So why is the city broke and wanting to raise our taxes? The city attorney in her voter’s guide “Impartial Analysis” presents a long list items on which the Measure CR tax could be spent. This list is not prioritized or quantified. Reading it gives one no clue as to what is driving the city’s budget shortfall.
She places minor items, such as “special events,” high up on her list, but buries, some would say hides, the very thing that is bringing the city to the brink of insolvency. Way down on her list, second from last, hiding between parenthesis is the cause of our ills: “increased pension costs.” This is the heart of the matter.
Increasingly the city is having to contribute more of our tax dollars to CalPERS leaving less for needed services. Presently the city has 15 former employees receiving six-figure pensions.
A former city manager receives well over $200,000 per year and a former assistant city manager receives over $190,000 per year—with automatic annual increases. This amount does not include their separate 457 deferred compensation plans or retiree health benefits.
Several city pensioners retired in their early fifties, allowing some to take up second careers (with another pension). They are receiving, with generous taxpayer support, pensions that would be valued in excess of $3 to 6 million each in the private market.
The city will be minting more and more of these pension millionaires over the next several years. Currently 23 city employees each receive a total compensation of over $200,000 per year; putting most if not all of them in line for a six-figure pension.
Public pensions were meant to keep civil servants out of destitution. What we have now is a hideous distortion of this ideal, a corrupt system that benefits a few politically connected insiders at the expense of the general public. So how did we get into this mess?
In 1999, the California legislature passed the CalPERS sponsored SB400 on a bipartisan vote, dramatically increasing public pension benefits with the promise that this would be done at no additional cost to taxpayers.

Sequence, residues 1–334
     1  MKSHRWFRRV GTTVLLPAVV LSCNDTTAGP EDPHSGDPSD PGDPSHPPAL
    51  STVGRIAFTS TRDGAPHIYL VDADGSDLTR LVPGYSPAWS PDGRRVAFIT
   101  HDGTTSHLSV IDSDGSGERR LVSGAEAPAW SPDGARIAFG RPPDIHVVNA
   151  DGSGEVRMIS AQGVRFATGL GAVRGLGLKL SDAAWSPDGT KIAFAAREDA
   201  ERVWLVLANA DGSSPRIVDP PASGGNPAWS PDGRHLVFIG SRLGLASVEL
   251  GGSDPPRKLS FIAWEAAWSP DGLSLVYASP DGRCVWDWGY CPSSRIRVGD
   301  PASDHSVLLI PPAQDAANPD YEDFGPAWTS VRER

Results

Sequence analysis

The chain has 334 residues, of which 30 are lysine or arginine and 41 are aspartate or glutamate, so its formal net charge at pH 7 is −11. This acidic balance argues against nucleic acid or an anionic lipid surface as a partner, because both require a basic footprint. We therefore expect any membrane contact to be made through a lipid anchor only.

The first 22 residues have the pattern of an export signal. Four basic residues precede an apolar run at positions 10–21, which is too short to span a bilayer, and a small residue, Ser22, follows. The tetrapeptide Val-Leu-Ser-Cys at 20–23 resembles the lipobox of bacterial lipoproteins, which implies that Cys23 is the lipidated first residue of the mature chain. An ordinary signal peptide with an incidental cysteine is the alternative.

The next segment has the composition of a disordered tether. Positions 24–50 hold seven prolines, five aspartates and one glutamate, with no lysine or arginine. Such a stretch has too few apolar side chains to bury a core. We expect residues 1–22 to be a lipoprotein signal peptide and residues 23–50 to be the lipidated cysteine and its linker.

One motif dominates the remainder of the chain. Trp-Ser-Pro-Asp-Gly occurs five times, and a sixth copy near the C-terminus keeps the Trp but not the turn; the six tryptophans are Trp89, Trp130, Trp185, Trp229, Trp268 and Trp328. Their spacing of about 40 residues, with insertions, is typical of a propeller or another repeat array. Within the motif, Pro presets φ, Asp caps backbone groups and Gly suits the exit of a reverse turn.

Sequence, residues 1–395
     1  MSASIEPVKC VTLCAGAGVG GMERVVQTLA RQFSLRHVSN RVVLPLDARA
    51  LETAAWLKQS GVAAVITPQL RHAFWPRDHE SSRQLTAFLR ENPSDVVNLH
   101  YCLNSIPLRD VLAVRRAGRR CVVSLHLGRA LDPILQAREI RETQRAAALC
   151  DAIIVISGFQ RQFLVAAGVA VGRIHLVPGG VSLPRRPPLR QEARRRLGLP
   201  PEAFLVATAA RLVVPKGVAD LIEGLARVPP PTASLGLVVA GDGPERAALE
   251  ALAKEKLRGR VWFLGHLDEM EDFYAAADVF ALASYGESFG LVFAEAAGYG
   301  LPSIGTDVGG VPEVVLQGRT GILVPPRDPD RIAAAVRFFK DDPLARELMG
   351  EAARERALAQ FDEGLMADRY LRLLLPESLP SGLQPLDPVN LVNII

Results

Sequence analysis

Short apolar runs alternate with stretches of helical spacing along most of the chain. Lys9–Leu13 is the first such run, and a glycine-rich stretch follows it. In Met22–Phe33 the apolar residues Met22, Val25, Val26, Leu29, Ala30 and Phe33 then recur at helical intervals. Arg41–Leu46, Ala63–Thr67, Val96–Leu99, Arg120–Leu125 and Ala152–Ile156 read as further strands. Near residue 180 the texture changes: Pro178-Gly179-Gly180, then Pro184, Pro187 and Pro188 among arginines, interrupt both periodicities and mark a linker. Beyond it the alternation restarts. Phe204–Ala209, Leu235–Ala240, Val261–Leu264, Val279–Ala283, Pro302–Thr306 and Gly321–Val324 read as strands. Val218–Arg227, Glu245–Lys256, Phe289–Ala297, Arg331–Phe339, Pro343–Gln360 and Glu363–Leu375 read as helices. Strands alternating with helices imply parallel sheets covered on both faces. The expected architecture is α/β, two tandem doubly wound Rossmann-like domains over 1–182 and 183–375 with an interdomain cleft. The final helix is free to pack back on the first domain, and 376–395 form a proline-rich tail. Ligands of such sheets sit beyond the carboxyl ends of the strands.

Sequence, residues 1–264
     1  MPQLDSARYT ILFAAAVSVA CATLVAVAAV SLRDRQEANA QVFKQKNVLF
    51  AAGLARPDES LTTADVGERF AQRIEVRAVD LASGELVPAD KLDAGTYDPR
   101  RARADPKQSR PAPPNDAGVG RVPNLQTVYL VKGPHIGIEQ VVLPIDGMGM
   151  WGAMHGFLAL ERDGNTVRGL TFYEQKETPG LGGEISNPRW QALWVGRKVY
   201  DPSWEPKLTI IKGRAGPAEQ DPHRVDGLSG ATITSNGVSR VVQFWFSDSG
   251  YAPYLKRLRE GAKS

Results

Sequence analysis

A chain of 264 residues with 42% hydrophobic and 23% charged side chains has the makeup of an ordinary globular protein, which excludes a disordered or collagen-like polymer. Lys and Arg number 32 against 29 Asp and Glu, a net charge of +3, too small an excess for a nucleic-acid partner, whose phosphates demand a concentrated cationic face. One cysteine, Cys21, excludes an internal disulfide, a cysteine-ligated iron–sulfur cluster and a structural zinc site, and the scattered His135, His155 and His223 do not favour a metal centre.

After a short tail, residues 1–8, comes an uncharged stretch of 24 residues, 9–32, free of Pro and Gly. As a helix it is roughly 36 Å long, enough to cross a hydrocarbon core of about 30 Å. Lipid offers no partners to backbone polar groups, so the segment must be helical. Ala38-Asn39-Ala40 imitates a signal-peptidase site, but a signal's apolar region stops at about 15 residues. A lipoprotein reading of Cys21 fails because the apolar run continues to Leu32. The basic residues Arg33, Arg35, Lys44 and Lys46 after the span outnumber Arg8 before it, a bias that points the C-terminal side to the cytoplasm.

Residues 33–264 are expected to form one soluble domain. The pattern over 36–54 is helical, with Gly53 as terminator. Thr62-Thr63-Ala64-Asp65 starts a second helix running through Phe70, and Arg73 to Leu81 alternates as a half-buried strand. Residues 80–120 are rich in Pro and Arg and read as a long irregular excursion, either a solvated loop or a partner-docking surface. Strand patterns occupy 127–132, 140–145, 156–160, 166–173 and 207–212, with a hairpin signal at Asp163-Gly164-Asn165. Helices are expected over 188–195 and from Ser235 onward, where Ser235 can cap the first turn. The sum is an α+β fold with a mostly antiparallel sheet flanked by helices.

CalPERS led others to believe that the stock boom of the 1990s would continue indefinitely, thus supplying an inexhaustible supply of earnings to support gold-plated pensions in perpetuity. The collapse of the internet bubble and then the great recession destroyed this myth.
But instead of recognizing their thinking as fantastical and reforming the system, CalPERS opted instead to hijack the taxpayer. Cities across the state have been commanded to contribute ever increasing amounts to make up the market shortfall. Even after an unprecedented decade-long economic expansion and historic bull market, the city has an unfunded pension liability of $57 million.
Measure CR is an attempt to get taxpayers to bail the city out of this liability in order to preserve its corrupt pension system. And it is not going to work. What do you think will happen when the next long overdue recession hits?
The very poorly governed CalPERS is stuffed to the gills with high risk investments in real estate, private equity and stocks. Its high-risk assets will plummet during the next market downturn, which will severely exacerbate the city’s unfunded pension liability.
None of Claremont’s budget projections, with or without Measure CR funding, account for this certainty. The revenue from CR will be a pittance compared to the gaping hole that will be the city’s pension liability. Even with Measure CR passing we will be right back where we are today.
Fundamental pension reform is the only way the city will get out of its budgetary quagmire. The city’s leadership should join forces with other municipalities and demand changes to CalPERS instead of trying to suck more taxes into a broken system. Vote no on CR.